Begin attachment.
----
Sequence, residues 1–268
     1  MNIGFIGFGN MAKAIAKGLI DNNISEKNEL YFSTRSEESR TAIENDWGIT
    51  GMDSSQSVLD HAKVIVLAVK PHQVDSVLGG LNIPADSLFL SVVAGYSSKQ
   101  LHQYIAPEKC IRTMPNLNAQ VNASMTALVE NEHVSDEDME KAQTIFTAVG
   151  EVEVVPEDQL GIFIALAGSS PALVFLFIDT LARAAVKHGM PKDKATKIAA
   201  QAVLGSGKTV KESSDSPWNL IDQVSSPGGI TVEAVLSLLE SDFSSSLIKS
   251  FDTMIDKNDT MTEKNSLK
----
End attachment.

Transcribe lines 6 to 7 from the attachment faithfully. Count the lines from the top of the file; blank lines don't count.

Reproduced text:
   201  QAVLGSGKTV KESSDSPWNL IDQVSSPGGI TVEAVLSLLE SDFSSSLIKS
   251  FDTMIDKNDT MTEKNSLK